This term is often used in initiatives that aim to restore relations between settlers and Indigneous peoples. For example, South Africa’s ‘Truth and Reconciliation Commission’ was set up to bring the country together in the wake of Apartheid. Canada’s TRC was tasked with documenting the lasting impact of the residential schooling system on Indigenous peoples.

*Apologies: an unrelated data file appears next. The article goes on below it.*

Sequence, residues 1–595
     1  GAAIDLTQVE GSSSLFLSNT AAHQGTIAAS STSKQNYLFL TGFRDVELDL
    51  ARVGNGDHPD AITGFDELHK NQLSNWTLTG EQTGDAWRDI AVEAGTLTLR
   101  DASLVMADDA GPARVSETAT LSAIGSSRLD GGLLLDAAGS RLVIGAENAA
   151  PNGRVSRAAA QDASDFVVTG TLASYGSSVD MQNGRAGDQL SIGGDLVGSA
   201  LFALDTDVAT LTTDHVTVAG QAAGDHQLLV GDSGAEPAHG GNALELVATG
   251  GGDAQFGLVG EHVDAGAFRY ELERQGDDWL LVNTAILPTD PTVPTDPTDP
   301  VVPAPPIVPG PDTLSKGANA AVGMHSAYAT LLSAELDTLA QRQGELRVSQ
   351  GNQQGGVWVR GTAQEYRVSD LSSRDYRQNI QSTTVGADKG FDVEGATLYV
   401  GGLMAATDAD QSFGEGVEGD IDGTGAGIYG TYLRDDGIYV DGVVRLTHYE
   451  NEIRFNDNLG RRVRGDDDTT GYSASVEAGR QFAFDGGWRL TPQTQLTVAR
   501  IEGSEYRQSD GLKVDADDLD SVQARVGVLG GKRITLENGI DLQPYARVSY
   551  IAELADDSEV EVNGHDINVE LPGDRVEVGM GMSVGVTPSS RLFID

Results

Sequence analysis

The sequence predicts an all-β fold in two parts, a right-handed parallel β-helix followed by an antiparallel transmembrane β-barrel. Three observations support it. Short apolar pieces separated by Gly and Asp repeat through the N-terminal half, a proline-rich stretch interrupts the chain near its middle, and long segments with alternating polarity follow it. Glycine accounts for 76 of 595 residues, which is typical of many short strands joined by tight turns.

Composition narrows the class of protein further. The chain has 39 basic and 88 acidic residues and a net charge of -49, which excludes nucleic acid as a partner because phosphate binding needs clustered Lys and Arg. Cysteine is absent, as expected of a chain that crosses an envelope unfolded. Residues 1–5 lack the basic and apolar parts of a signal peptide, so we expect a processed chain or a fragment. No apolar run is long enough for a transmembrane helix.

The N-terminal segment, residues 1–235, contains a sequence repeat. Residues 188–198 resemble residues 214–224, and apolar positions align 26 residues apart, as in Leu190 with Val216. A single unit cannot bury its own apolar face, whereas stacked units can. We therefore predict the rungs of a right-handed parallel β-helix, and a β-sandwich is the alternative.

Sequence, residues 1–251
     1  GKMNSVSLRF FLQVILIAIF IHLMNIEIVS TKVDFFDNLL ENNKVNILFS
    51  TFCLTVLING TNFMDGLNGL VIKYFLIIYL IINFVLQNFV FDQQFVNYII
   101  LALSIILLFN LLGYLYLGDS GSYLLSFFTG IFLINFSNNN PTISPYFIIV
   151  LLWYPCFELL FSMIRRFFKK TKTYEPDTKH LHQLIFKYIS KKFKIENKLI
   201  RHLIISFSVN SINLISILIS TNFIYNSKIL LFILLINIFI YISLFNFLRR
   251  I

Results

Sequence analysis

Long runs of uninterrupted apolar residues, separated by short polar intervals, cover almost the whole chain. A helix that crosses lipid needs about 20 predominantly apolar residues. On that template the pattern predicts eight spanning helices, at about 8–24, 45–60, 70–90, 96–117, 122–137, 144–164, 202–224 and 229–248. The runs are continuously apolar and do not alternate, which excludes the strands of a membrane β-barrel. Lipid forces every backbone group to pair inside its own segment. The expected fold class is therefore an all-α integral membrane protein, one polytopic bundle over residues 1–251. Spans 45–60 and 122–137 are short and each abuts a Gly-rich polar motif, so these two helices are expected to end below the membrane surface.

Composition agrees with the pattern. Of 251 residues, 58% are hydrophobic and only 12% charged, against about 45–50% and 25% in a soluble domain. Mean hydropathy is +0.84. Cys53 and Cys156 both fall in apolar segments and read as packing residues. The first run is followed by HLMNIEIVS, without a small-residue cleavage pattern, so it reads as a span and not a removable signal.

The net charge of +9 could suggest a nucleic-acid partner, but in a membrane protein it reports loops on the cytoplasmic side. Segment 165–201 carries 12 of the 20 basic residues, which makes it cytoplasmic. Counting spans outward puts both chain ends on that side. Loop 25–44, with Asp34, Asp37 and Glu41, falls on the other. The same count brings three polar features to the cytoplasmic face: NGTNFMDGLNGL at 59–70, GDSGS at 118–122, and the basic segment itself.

There are two relevant definitions of “reconciliation” here: the first is a restoration of amicable relations between distinct parties, the second, the action of bringing differing beliefs to a harmonious agreement. However, whilst this might initially seem a beneficial way to heal historic wounds, there are problems with the term. Importantly, the term does not necessarily require an acknowledgment of power imbalances, but instead can be interpreted as a mutual effort by both sides to put aside differences and move forward. Moreover, the full term, “truth and reconciliation” is sometimes neglected in favour of an emphasis on reconciliation. This omission is revealing in that it prioritises a process of healing rather than focusing on bringing people to justice. Finally, the desire to reconcile differing beliefs is a difficult proposal in contexts where one party has been subject to far greater violence than the other. In these cases, the impulse to heal historic wounds cannot be framed in discourses of “reconciliation”. These histories are not questions of squaring different beliefs, but are fundamentally about power relations. Framing such ontological questions in terms of “reconciliation”, then, seems inadequate at best and actively avoiding moral responsibilities at worst.

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